Tips and advice on starting your own business - by Debby Hudson on Unsplash

The title alone should either evoke interest or scepticism depending on your outlook towards being your own boss.
First off the result of taking orders from yourself and working on your schedule seems extremely inviting but the suits and briefcases (what media tends to consistently show as being successful) do not happen overnight. Most people ignore the process and only see the nice house, car and the goals of now finally being able to remove their debt once and for all. The truth is that most times it isn’t as easy as that. It’s quite difficult to start something from scratch and build it into something great. The rewards of your hard work, however, will show with your consistency, patience and the right plans and strategies set in place.
Before getting into the basics of how to make money quick, (which isn’t the goal here), let’s first discuss what most entrepreneurs are getting wrong. After reading this the hope is that you do a self-introspection to see if this is truly a realistic goal that you can pursue. It can after all either make or break you and your hopes of being your “own boss”.
Some people say that entrepreneurs are born and others say that they are made. Either way, you will find out which side of the fence you’re on. And if you're interested in delving deeper into finding out if you’re one of the chosen ones, then feel free to check out an article by Entrepreneur South Africa on the topic of being born an entrepreneur, (there is a twist in the plot of the article which might intrigue you). - by - Arjunsyah on Unsplash

One of the first things most South African entrepreneurs face is not enough support and the lack of society uplifting you in the process of you starting your business. You would think family members and friends will step in and give you a helping hand but I can tell you now that it certainly does not pan out that way.
The scenarios more common rather are ones where family, friends and loved ones are your biggest critics. It will leave you in awe at the lack of support you will receive and I can tell you this my friend that at the end you need to be your biggest critic.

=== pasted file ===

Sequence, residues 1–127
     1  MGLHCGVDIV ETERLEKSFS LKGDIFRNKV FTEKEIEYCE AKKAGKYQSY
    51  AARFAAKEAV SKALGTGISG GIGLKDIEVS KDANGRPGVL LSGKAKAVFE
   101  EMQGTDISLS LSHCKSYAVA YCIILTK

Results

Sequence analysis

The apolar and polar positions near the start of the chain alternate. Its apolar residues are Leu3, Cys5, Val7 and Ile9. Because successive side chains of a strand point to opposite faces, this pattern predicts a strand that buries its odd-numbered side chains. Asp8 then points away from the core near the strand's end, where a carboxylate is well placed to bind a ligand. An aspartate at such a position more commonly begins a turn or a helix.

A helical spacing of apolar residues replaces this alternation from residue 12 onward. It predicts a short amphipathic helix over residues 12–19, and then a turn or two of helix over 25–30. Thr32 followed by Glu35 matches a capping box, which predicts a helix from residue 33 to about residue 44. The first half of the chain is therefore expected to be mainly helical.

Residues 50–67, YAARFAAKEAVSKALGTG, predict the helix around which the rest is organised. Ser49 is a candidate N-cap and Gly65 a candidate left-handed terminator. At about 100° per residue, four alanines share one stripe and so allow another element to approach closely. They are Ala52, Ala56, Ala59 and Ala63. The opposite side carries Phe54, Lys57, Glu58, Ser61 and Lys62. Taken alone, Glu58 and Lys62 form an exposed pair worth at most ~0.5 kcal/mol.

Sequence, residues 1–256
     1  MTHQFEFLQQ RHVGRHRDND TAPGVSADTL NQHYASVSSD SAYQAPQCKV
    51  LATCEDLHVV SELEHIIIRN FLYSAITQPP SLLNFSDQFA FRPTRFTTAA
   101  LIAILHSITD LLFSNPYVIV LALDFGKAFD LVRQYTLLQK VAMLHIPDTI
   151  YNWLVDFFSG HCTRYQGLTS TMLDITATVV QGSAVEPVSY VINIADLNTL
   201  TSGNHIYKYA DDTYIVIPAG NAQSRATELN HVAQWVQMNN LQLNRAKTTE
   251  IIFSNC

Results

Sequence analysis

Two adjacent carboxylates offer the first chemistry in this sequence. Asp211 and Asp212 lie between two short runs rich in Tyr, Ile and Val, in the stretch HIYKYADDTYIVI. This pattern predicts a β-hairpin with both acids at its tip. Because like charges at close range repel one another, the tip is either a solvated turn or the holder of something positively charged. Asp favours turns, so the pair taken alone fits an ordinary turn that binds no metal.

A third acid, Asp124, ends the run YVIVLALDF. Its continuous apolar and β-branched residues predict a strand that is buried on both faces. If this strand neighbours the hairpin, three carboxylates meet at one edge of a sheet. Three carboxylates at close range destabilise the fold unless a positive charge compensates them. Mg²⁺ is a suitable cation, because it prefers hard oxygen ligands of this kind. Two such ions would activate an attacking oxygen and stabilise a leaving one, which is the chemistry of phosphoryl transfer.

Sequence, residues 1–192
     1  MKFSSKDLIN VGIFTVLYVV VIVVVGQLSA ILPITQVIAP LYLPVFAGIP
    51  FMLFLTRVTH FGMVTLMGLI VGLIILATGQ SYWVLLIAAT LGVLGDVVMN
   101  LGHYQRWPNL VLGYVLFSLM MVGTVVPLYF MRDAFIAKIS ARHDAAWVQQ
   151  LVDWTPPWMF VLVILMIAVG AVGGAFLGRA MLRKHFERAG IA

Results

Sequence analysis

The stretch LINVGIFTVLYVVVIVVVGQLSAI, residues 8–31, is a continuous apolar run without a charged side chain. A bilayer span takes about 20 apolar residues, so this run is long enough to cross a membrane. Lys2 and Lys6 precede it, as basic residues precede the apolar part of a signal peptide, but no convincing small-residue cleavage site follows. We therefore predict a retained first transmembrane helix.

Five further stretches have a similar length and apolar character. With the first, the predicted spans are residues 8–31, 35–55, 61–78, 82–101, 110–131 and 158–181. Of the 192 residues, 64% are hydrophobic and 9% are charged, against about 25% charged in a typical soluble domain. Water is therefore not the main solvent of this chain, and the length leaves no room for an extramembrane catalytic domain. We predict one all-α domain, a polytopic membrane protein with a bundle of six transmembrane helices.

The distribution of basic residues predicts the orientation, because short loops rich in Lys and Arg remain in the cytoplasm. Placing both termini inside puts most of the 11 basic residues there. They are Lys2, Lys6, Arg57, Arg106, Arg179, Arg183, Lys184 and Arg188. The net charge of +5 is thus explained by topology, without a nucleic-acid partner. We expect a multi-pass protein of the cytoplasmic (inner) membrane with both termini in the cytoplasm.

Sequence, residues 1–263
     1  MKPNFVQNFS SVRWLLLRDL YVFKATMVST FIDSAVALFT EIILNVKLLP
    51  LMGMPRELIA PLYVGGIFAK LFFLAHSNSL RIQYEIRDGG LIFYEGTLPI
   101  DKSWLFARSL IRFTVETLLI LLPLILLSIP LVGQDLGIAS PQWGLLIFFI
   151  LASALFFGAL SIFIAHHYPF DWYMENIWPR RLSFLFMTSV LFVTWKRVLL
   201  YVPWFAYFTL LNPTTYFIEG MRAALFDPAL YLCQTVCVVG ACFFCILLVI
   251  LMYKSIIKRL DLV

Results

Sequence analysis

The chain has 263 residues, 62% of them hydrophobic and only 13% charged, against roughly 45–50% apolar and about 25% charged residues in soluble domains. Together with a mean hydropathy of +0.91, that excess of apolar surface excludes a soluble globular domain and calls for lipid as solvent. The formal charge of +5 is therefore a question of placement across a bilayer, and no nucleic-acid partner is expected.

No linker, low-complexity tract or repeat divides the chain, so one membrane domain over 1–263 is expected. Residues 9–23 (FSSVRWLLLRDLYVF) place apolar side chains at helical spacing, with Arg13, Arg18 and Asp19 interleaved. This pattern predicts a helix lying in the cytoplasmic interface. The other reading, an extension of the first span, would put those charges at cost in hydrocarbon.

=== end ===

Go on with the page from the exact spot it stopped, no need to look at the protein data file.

When we aren’t kept back by the lack of cheers from who we most expect it from the saddest part is that we tend to be the ones who beat ourselves up the most. Some of us lay in bed as our alarm goes off thinking about why we should not stay at home today instead of going to work. For the ones, without work, we think about ways to make money, but get discouraged by the effort that it requires. You might have an amazing idea or you might not. But nothing is accomplished without taking a risk.
“The problem is we live in a very risk-averse society. South African consumers, businesses and investors tend to be too cautious in everything we do.” - SANELE MAKINANE from How We Made It In Africa said in a post on the real barriers to entrepreneurship in South Africa.
Businessmen and woman take risks daily and the origin of their beginnings all started with failure. The difference between successful entrepreneurs and the ones who fail is “persistence.” Encouraging you is a great thing but the reality is that being unable to create a solid business plan and financial plan when first jotting down your business idea could be the end of it before it even began. As I’ve mentioned before you will need to be your biggest critic. You know the business idea stuck in your head and hopefully, you’ve seen a gap in the market for this business and measured its strengths, weaknesses, opportunities and threats.